The arc fault detector 12 includes an AC line filter 14 configured or tuned to filter out the line frequency portion of the AC power source and pass to an audio frequency filter network 16 any other remaining frequency portions of any other signals that may be present on the AC power source. The fault detector is configured to process the signals in the audio frequency portion of the electromagnetic spectrum associated with an arc fault condition. An example of a line filter is a notch filter having a center frequency around the 50 or 60 Hz frequency portion of the AC line power signal.
The audio frequency filter network 16 can be a broadband filtering network that includes one or more band pass audio filters 18, 20 each configured to pass a portion of the frequency portion which represents an arc fault signature associated with an arc fault condition. Each of the filters 18, 20 can be configured to have unique low and high cutoff frequencies to detect a frequency component of an arc fault signature associated with a particular arc fault condition. For example, suppose an electrical arc gap across copper conductors produces an arc fault condition with an arc fault signature comprising a first frequency component centered about 2 KHz and a second frequency component centered about 6 KHz. The first filter 18 is configured to have a low/high frequency cutoff to detect the 2 KHz signal and the second filter 20 is configured to have low/high frequency cutoff to detect the 6 KHz signal. The output of the audio frequency network 16 is processed by detection logic 24 which includes circuitry to compare the passed audio frequency portions to arc fault signatures. If there is a match, then the detection logic 24 generates a signal to the disconnect switch 22 to disconnect the line side terminal from the load side terminal.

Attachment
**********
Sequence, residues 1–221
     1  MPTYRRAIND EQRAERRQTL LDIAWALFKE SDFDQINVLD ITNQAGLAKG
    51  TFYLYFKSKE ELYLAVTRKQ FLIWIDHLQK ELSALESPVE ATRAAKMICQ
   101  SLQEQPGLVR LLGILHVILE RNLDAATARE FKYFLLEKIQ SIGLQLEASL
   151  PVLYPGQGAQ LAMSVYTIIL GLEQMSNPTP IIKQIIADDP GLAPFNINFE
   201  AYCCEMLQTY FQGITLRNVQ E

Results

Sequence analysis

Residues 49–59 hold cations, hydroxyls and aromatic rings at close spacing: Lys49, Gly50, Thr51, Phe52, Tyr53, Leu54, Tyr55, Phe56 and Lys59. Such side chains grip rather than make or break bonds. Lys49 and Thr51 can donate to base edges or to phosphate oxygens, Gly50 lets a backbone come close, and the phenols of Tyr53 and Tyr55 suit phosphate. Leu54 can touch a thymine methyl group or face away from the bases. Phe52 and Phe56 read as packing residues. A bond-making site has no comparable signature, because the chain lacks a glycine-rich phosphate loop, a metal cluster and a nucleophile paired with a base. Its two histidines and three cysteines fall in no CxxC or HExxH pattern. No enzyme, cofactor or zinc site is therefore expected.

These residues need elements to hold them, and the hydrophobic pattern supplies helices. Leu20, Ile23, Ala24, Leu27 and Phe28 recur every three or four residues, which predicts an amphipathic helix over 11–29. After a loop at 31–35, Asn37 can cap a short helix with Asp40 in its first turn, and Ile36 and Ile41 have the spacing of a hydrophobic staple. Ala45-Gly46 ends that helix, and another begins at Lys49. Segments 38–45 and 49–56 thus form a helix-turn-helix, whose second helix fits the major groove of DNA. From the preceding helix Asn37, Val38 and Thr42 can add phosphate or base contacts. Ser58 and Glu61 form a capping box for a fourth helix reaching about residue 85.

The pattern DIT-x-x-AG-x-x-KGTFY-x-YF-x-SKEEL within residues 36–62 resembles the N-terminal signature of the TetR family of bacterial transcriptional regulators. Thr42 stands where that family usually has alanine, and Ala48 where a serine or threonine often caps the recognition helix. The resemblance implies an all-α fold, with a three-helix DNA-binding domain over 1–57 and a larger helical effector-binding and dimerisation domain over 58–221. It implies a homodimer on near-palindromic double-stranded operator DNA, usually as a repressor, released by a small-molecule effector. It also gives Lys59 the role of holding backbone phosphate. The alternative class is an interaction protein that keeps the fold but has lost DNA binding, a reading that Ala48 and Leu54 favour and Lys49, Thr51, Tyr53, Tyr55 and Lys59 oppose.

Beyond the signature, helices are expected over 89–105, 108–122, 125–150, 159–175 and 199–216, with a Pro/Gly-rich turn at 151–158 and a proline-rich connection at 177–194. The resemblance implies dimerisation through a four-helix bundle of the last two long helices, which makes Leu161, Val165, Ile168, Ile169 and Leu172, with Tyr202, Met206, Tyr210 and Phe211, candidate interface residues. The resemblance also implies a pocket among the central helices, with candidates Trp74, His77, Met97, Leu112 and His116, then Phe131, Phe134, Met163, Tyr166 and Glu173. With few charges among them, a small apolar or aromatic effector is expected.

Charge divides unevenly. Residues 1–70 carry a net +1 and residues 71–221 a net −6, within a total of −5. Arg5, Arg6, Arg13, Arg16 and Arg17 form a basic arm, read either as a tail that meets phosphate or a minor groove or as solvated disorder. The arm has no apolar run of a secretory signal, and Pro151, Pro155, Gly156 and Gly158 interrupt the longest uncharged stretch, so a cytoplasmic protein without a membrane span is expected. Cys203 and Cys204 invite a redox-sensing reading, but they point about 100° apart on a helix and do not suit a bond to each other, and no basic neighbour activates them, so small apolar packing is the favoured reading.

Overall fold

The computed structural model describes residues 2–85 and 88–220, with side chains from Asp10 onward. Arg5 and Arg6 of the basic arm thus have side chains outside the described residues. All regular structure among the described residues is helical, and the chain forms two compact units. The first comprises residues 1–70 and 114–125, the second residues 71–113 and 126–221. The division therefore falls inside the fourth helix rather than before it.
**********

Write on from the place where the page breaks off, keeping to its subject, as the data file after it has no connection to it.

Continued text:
Although the filter network 16 shows two filters it should be understood that the number of filters can vary depending on the number of audio frequency components which comprise an arc signature, the number of arc fault signatures desired to be detected or other factors. Other examples of electrical arcing signatures can be generated when electrical arcing occurs between metal conductors such as copper and copper conductors, copper and aluminum conductors, brass and aluminum conductors or other combinations. The AC line filter 14 and the filter network 16 can be implemented using well known analog and/or digital filtering techniques. The AFCI 10 including the disconnect switch 22 and other functions of an AFCI, but not the detector 12, are further described in U.S. Pat. No. 5,963,406, which is assigned to the assignee of the present invention, and is incorporated herein in its entirety by reference.
As explained above, the arc fault detector of the present can be incorporated in an AFCI to disconnect the AC power source from a load upon the detection of an arc fault. However, the techniques of the present invention can be equally applied to ground fault circuit interrupter (GFCI) devices or other circuit interrupter devices.